At the north side is a staircase connecting the upper and lower ends of the hairpins, which allows pedestrians to avoid the walk where there are no sidewalks. Both sets of stairs accommodated many workers commuting to the factories on Gregory Avenue. The buildings overlooking the Horseshoe, as it has always been known by the locals, was the factory of S. Blickman & Co. which operated a stainless steel fabricating plant at the site for about 70 years. The plant produced stainless steel for many industrial and commercial purposes and was oriented to outfitting the many ships built along the Hoboken waterfront in Todd Shipyards (the family of former Governor Christy Todd Whitman) and Bethlehem Steel Shipyards. It produced most of the stainless steel equipment used to outfit Naval vessels constructed on the East coast during the Second World War. Blickman outgrew the factory and eventually the disused building was converted to condominiums in the 1980s. Further down the street on the corner of Gregory and Hackensack Plank Road was the factory of Robert Reiner & Co. which imported and customized Swiss embroidery machines when Hudson County was the center of the embroidery industry in the US in the first half of the 20th Century. During the time of their operation Shippen Street was the only local street capable of accommodating the turn of many large tractor trailer trucks which serviced these two large and active factories. Delivering truck size rolls of stainless steel and carrying away the often huge finished products fit for outfitting large ships. No parking was permitted on Gregory Avenue until the factories both ceased operation.[]

Shippen Steps


At the end of Shippen Street, directly across from the double hairpin curve are the Shippen Steps, an outdoor public staircase down the Palisades Cliffs which continues in the same direction as Shippen Street. They begin on Hackensack Plank road and end at Park Avenue. There are 96 steps, with a diagonal span in length of about 250 feet. In the past, the steps provided townspeople with access to Weehawken's original town hall, as well as the old police station, which is at 309 Park Avenue. It was built in 1890, and the first floor features a jail cell where police operations occurred. The building was last used as the VFW post 1923 meeting place.[12][13] In 2009, the town decided to renovate the building, which became the Weehawken Historical Society Museum. Across the street at the bottom of the steps is the granite wall which overlooks the art deco Lincoln Tunnel entrance. The Shippen steps have even been regarded as the haunted "Steps of Weehawken".[14] In the mid-to-late 19th century, a pregnant woman fell down the steps, losing both her life and her child's,[15] and in 1898, it was reported that a Shippen Street resident committed suicide at the head of the steps.[16]


New Jersey Transit Bus Route 123 makes a stop at the top of Shippen Street along Palisade Avenue[17][18] and runs between the Port Authority Bus Terminal and Christ Hospital in Jersey City Heights. a few blocks to the south is the Marginal Highway, a main transit corridor for North Hudson-Lincoln Tunnel traffic. On the other side, the Shippen Stairs end about .25 mi. from the Hudson Bergen Light Rail Lincoln Harbor Station and New York Waterway ferries, though pedestrian access requires a detour around the tunnel's toll plaza.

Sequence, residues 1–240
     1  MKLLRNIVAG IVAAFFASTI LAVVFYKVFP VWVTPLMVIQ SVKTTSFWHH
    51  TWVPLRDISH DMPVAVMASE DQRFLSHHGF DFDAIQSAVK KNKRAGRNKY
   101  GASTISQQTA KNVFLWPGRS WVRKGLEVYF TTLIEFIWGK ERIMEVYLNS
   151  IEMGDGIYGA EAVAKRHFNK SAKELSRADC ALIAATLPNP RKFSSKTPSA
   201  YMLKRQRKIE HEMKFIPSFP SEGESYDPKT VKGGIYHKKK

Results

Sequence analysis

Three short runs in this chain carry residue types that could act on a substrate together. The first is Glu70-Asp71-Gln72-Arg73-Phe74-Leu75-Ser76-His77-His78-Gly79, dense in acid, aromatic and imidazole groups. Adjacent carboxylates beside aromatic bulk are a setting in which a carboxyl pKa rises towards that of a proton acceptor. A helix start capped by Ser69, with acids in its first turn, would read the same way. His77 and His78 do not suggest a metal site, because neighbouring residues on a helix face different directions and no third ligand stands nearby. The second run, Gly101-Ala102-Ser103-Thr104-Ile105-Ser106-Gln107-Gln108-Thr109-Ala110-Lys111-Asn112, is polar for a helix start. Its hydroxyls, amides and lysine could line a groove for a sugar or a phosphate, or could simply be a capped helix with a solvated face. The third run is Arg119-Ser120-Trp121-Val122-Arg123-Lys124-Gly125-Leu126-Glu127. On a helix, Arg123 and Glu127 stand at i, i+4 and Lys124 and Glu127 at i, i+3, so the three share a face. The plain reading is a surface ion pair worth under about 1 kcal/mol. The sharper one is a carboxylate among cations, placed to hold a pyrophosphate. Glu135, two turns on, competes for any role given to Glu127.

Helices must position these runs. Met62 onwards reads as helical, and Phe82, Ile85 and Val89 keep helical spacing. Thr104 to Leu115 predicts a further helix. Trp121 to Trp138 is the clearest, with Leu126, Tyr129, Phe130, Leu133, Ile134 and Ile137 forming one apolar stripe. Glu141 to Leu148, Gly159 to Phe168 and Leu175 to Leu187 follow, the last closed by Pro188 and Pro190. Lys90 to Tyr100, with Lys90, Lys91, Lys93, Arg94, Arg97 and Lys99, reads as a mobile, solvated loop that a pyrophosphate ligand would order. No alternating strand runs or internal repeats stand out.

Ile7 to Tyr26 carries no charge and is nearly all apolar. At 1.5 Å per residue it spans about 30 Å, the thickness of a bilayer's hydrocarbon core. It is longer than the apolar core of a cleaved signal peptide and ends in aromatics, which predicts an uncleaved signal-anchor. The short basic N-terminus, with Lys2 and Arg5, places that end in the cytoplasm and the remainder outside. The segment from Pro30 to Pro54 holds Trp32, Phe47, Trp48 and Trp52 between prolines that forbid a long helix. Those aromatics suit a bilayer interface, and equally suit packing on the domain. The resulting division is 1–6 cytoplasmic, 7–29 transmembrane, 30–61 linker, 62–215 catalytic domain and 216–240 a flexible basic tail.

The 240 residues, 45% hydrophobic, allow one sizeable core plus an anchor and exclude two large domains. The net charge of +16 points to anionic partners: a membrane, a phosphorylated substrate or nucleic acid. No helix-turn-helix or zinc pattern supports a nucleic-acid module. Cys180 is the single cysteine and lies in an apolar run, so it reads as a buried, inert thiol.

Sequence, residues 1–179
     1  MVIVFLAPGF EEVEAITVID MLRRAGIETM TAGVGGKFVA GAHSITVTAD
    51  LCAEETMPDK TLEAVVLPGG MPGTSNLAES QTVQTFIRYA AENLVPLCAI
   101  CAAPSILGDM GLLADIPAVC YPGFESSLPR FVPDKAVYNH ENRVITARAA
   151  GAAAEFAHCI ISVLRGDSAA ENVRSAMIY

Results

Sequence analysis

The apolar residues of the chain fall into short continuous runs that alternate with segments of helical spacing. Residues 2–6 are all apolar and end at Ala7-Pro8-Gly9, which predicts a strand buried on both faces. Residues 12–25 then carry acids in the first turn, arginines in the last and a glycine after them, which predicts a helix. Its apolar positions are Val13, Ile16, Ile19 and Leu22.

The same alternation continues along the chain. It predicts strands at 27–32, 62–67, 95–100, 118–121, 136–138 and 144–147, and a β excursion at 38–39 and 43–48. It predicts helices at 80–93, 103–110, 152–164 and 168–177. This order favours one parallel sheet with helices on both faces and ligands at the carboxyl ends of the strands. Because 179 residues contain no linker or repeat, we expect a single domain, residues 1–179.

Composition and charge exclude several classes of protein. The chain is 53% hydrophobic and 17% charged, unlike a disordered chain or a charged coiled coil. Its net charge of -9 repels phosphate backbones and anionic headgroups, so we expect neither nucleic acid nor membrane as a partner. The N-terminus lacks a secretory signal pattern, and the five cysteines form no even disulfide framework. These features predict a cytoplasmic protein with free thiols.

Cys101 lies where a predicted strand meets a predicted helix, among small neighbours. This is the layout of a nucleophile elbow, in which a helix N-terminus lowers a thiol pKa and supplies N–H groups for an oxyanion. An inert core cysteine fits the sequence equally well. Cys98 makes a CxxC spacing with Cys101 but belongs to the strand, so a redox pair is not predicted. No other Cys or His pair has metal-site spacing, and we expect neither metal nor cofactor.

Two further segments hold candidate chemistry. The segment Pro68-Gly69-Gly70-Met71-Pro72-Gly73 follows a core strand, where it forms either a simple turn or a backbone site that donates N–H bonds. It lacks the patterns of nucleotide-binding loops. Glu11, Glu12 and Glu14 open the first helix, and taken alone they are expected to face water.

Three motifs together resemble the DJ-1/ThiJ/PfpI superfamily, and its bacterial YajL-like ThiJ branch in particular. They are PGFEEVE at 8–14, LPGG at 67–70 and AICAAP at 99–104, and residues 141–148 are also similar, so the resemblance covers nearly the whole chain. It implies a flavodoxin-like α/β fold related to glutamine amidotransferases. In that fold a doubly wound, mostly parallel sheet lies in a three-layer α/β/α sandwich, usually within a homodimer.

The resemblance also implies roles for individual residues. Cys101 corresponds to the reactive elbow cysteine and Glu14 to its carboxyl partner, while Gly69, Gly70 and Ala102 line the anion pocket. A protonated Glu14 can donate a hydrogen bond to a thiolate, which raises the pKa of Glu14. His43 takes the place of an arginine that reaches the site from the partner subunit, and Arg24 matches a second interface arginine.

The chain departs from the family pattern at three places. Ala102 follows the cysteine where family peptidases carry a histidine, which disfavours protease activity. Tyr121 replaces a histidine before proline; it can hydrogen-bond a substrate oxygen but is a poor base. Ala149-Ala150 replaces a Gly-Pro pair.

See also


  1. ^ NJ State Register of Historic Places in Hudson County Archived 2010-07-05 at the Wayback Machine
  2. ^ Weehawken Time Machine
  3. ^ a b c Lauren Sherman, Ellen Robb Gaulkin Weehawken. p. 61, Arcadia Publishing, 2009 ISBN 0-7385-6268-8
  4. ^ "Sewers For West Hoboken" (PDF). The New York Times. July 7, 1887.
  5. ^ Obituary: William W. Shippen. The New York Times. September 3, 1885
  6. ^ Tom Goyens Beer and revolution: the German anarchist movement in New York City, 1880-1914, University of Illinois Press, 2007 ISBN 0-252-03175-X
  7. ^ Annual report of the Board of Public Utility Commissioners of the State New Jersey. Board of Public Utility Commissioners, Issue 7, p. 75, 2008
  8. ^ Bulletin of the Geological Society of America, Volume 16: Projected Hudson River tunnels of the Pennsylvania Railroad Company, 1905
  9. ^ "11 Overcome in Tube". The New York Times. December 6, 1907
  10. ^ New Jersey Roads: Shippen Street, Weehawken
  11. ^ DEP - Historic Preservation Office: New Jersey and National Registers of Historic Places NJ Register of Historic Places Archived 2010-07-05 at the Wayback Machine
  12. ^ "Shippen Street and Park Avenue". Retrieved May 31, 2019.
  13. ^ Allocca, Sean (August 2, 2009). "Modern Day Makeover: Former VFW Lode, a one-time Town Hall, will be restored". The Hudson Reporter. Archived from the original on 2016. Retrieved 2019.
  14. ^ Diaz, Lana Rose (April 29, 2010). "Don't try this at home: Guys explore ancient steps in Weehawken". The Hudson Reporter. Archived from the original on 2016.
  15. ^ "Weehawken Surnames". Retrieved May 31, 2019.
  16. ^ "Lost money and killed himself". The New York Times. January 7, 1898
  17. ^ NJT bus 123 schedule
  18. ^ "NJT Jersey City, Union City, New York Bus Routes" (PDF). New Jersey Department of Transportation. Retrieved .

External links

  This article uses material from the Wikipedia page available here. It is released under the Creative Commons Attribution-Share-Alike License 3.0.